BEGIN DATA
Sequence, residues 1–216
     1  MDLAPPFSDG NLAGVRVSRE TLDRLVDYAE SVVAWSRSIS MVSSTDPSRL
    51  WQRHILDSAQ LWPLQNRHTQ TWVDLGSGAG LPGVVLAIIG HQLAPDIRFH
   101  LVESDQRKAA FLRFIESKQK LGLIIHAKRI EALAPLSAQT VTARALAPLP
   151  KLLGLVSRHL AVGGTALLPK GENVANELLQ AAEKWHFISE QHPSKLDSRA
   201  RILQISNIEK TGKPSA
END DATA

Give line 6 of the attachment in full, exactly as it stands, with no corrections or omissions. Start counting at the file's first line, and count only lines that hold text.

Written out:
   201  RILQISNIEK TGKPSA